As you know, in “The Chimp Paradox”. Dr Steve Peters calls the emotional brain, the part that tells us how we feel, the “Chimp”.
He likens the Chimp to owning a dog. You’re not responsible for the personality of the dog, but you are responsible for keeping it well behaved – for managing it.
He says, when you improve your ability to recognise when your chimp is hijacking you; hijacking your thoughts, your feelings and behaviour, you can begin to distinguish your Human, that is to say: you from your chimp, and that is to say the emotional part of your brain, which you need of course, but which you don’t want taking over.
But let’s look at what happens when we react. When something stresses us.
Remember, stress is a healthy response and it’s meant to be uncomfortable. Aggression, impatience, depression and anxiety are there to alert us to something being wrong and to do something about it – to keep ourselves safe.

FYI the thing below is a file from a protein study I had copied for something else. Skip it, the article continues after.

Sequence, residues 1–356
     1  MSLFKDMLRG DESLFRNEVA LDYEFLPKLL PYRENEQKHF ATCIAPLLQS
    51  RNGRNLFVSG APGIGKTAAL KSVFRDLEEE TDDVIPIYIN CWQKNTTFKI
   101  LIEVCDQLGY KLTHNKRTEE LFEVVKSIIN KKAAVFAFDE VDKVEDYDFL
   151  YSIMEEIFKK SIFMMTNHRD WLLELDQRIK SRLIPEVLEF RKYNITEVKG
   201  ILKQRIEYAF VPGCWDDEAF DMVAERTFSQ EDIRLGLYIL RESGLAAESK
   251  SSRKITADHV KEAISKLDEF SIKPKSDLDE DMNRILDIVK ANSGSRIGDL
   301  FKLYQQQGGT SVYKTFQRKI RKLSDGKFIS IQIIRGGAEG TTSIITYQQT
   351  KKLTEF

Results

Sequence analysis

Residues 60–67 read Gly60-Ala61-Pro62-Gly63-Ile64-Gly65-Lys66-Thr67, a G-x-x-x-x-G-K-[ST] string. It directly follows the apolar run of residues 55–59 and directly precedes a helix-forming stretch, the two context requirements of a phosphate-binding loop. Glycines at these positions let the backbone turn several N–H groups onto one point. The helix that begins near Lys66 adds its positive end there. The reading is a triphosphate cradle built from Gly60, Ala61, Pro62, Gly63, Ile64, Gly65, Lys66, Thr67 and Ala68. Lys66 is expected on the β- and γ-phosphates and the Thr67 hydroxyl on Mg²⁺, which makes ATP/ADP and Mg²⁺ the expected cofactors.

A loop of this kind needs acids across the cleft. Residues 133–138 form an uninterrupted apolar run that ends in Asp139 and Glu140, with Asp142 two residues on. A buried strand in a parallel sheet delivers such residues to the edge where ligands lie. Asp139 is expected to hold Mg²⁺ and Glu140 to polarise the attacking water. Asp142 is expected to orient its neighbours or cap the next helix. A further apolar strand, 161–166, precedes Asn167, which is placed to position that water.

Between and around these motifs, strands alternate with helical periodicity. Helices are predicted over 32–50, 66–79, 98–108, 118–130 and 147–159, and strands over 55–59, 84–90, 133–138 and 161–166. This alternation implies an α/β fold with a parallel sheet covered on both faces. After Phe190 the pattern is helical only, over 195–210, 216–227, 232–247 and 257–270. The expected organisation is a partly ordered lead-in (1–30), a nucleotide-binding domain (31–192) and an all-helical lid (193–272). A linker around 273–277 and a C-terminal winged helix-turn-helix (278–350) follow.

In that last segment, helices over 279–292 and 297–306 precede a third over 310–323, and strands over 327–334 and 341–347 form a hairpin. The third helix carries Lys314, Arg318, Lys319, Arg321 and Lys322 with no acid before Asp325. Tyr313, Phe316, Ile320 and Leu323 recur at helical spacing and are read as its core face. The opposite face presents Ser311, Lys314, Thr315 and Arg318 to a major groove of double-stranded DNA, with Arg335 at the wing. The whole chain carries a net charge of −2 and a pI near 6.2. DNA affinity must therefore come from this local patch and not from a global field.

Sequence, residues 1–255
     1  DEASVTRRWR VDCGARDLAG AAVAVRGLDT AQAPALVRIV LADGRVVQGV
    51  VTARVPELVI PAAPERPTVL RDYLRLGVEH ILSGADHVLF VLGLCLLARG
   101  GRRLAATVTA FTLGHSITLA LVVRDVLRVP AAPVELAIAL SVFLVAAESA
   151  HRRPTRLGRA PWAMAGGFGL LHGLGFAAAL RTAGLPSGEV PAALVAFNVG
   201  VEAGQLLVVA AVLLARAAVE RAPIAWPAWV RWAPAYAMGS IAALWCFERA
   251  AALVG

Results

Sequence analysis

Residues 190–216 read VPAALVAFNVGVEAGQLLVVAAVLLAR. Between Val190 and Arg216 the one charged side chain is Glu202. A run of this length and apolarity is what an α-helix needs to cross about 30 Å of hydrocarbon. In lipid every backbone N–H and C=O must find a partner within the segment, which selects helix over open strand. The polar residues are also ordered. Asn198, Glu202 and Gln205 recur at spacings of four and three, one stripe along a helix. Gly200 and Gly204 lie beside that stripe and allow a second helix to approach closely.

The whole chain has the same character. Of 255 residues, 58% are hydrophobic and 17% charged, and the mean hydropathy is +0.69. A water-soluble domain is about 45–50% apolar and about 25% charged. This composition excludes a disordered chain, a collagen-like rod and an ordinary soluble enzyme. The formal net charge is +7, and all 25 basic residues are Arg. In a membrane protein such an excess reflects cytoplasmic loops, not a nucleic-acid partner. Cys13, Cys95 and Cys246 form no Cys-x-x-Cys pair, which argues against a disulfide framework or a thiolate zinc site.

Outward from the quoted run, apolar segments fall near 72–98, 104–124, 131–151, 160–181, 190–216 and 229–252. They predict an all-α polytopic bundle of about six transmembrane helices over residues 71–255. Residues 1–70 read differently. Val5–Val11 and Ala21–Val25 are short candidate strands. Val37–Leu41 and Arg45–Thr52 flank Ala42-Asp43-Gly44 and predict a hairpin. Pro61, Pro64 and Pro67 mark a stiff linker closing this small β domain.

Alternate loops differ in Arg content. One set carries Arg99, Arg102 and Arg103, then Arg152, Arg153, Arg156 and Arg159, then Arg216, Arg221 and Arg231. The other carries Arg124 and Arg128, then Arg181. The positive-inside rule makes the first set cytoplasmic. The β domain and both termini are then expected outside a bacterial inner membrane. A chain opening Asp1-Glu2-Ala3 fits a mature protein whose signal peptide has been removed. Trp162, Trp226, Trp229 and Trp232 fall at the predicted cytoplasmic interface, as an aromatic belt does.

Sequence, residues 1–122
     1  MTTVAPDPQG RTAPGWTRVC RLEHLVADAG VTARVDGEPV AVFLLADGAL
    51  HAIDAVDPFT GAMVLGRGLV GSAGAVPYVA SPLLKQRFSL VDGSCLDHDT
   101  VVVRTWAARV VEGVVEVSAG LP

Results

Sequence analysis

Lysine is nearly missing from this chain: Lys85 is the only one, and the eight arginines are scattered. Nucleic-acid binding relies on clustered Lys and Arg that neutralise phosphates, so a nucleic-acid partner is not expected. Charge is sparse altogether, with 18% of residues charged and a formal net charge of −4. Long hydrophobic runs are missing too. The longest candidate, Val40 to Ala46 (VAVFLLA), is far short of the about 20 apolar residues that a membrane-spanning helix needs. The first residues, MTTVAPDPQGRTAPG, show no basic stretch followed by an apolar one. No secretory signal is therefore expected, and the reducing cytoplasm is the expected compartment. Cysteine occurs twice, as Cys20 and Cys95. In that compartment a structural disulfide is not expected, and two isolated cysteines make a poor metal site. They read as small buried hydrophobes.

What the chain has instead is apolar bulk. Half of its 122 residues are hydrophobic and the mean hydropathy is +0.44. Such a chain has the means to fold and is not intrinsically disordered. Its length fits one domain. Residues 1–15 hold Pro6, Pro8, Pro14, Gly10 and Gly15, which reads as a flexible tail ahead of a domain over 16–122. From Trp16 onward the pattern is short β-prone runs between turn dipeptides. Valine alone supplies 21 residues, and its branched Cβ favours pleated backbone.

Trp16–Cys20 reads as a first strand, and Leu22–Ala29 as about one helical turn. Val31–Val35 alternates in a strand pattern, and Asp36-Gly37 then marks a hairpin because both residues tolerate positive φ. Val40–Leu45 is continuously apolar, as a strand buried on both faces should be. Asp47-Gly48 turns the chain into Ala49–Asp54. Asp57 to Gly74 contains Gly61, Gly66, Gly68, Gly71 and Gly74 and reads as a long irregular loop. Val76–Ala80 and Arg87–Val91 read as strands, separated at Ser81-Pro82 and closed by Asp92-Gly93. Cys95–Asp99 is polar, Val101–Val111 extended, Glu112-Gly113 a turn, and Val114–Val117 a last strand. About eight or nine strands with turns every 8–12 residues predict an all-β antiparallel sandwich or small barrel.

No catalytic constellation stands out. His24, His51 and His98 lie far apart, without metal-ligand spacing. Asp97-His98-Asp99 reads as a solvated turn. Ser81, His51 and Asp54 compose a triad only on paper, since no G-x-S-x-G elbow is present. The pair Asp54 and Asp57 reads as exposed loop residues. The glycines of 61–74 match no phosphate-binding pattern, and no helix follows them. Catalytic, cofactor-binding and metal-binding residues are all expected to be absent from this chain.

However… the first reaction to stress will be a chimp one. It’s important to recognise that – and to accept it as normal and healthy. After all, it might even save your life!
But, as we all know, whatever’s going on usually isn’t a life or death situation and our emotional reaction then gets in the way of our thinking straight.
Now, the useful thing to know is that a split second before the emotional chimp reacts, it quickly looks into the computer before acting. So if the computer’s got a plan, the chimp will let the computer get on with it.
So what am I saying?
You need to:
- Recognise when the chimp is reacting
- Slow down your thinking – step back and get perspective
- Have a well-rehearsed plan in place.
When you use more of your emotional intelligence and deal better with stress, you won’t have to use food, shopping, cigarettes, alcohol etc, etc, to make yourself feel better.